7. With wet hans press batter down gently to shape.
  8. Bake for 12-14 minutes.
  9. Makes about 36 2 1/2 inch cookies.

They have about 60 calories each.  They are best eaten on the same day.  If they will sit longer than 2 days, freeze the extras.  They are low fat, contain no added sugar, vegan, gluten free and free of common allergens like nuts and soy.

Nutrient packed Pumpkin Beverages: All the taste without the crap

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It’s pumpkin season.  This year I created a beverage  that will satisfy your pumpkin craving and sweet tooth with no regrets.

Pumpkin Chocolate Milk

1 cup unsweetened cashew/almond milk (I find cashew milk to be creamier)

1/4 cup light coconut milk

1/4 cup pumpkin puree

1/2 frozen banana

2 tsp cacao powder

1 tsp pumpkin pie spice

1 tsp vanilla extract

stevia to taste

Place everything in a blender and blend until smooth.

If you want to make this into a heartier shake add an additional 1/4 cup of pumpkin puree, and a tsp each of chia seeds, flax seeds and maca powder.

The Dietary Pleasure Trap: Defend yourself against the temptations of modern life.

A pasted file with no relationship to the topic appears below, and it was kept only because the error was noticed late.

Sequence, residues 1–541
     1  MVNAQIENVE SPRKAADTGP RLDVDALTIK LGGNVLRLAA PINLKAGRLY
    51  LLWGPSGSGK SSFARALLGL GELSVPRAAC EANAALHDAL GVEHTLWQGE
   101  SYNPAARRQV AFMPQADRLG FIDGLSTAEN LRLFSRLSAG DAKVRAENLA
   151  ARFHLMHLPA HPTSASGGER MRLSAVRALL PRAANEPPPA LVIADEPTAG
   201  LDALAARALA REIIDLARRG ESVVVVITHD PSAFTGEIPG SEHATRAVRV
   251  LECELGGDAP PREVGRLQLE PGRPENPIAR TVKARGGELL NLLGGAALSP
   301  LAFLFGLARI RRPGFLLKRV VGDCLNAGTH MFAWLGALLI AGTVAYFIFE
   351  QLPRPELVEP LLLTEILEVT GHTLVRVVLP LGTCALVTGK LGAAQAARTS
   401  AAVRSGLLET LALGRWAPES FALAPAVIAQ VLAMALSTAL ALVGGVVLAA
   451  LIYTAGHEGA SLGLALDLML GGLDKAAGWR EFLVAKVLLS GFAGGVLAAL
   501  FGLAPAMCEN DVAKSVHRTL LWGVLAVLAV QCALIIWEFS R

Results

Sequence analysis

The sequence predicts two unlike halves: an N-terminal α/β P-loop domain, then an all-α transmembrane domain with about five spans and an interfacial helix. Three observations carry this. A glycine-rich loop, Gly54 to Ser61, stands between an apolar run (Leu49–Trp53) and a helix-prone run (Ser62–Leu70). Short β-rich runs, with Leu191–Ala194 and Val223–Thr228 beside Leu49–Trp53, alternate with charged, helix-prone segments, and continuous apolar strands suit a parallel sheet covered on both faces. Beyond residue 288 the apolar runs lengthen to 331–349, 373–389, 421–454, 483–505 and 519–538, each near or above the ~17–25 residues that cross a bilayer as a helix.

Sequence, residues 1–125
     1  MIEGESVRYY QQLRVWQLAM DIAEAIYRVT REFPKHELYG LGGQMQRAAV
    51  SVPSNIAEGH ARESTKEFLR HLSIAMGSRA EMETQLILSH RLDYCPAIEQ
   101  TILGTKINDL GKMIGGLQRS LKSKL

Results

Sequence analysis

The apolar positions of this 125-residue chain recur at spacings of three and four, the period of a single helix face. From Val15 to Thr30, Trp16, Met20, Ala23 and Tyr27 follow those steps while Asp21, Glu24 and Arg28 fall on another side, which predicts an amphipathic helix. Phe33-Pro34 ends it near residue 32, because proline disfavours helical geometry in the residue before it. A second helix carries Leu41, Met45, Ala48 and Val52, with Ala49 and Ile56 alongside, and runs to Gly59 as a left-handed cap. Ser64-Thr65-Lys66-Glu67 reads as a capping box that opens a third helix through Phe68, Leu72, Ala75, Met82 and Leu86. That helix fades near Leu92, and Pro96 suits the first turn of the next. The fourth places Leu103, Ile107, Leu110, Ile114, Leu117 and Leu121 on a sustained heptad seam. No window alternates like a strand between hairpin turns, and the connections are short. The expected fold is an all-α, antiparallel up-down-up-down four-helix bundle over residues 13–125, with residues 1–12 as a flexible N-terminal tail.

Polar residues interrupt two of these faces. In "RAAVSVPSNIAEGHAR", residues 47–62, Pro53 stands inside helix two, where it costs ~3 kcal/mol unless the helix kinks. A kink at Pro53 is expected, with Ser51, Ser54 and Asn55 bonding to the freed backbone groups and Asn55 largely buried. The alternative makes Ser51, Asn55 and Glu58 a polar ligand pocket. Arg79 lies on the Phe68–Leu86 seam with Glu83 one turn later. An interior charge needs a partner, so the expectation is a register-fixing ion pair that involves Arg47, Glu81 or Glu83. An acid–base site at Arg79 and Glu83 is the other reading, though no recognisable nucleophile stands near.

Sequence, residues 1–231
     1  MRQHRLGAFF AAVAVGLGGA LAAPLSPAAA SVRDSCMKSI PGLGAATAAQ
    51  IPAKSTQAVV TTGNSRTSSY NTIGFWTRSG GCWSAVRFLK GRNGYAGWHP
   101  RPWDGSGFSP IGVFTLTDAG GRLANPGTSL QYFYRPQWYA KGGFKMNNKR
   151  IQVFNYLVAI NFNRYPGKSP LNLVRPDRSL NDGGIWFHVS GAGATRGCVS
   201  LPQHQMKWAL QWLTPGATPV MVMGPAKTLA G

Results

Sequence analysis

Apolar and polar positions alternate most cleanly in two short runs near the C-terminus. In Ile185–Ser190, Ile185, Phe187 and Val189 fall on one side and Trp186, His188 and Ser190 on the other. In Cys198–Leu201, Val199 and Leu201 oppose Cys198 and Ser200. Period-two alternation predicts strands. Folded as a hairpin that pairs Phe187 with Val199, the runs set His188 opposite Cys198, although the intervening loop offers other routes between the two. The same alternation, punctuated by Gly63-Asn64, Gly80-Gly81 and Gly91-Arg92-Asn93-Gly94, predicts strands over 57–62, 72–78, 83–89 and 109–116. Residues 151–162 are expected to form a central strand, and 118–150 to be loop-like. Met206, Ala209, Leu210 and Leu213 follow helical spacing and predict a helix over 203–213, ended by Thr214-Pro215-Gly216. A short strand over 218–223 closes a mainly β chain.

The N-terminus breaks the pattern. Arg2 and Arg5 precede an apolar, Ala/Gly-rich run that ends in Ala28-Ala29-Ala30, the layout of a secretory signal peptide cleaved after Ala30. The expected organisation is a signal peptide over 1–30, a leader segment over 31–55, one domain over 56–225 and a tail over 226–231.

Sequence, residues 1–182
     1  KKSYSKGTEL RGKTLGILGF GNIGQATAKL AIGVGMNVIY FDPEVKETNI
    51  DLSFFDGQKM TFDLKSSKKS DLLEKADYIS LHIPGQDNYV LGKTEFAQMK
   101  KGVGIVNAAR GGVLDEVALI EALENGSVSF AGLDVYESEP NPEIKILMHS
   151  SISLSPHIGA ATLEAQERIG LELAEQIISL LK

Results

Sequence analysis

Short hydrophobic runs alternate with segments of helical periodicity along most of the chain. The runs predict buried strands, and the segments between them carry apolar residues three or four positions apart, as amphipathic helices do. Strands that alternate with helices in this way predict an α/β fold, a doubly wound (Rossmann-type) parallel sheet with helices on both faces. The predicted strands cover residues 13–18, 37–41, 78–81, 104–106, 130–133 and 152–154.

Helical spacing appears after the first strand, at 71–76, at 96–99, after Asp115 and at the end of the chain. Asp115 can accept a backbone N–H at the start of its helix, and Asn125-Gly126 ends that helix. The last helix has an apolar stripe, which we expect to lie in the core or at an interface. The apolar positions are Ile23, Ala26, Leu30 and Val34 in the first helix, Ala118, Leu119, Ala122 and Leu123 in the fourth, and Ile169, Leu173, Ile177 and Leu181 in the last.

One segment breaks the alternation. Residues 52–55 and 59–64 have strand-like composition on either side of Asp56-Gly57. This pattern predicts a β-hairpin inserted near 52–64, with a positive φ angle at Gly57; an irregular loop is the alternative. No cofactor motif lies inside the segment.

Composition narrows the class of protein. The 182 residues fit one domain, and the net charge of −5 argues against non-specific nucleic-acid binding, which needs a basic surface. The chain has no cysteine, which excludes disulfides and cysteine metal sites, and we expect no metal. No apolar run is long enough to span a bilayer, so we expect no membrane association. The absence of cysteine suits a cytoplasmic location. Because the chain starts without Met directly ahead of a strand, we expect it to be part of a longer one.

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I INSIST YOU READ THIS TO THE END. I was very driven to write this post because it will help you understand why it is so difficult for millions of people and possibly you to stop consuming harmful substances.  I recently read ‘The Pleasure Trap’ by Douglas Lisle Ph.D.  I was introduced to this concept while completing a plant-based nutrition certification about three years ago and was very intrigued by it.  I was thrilled to find an entire book was written on it.  It explains why so many of us in the Western World find it so difficult to abstain from animal foods and processed foods.  I hope you will enjoy my synopsis of how this internal human mechanism controls our behavior.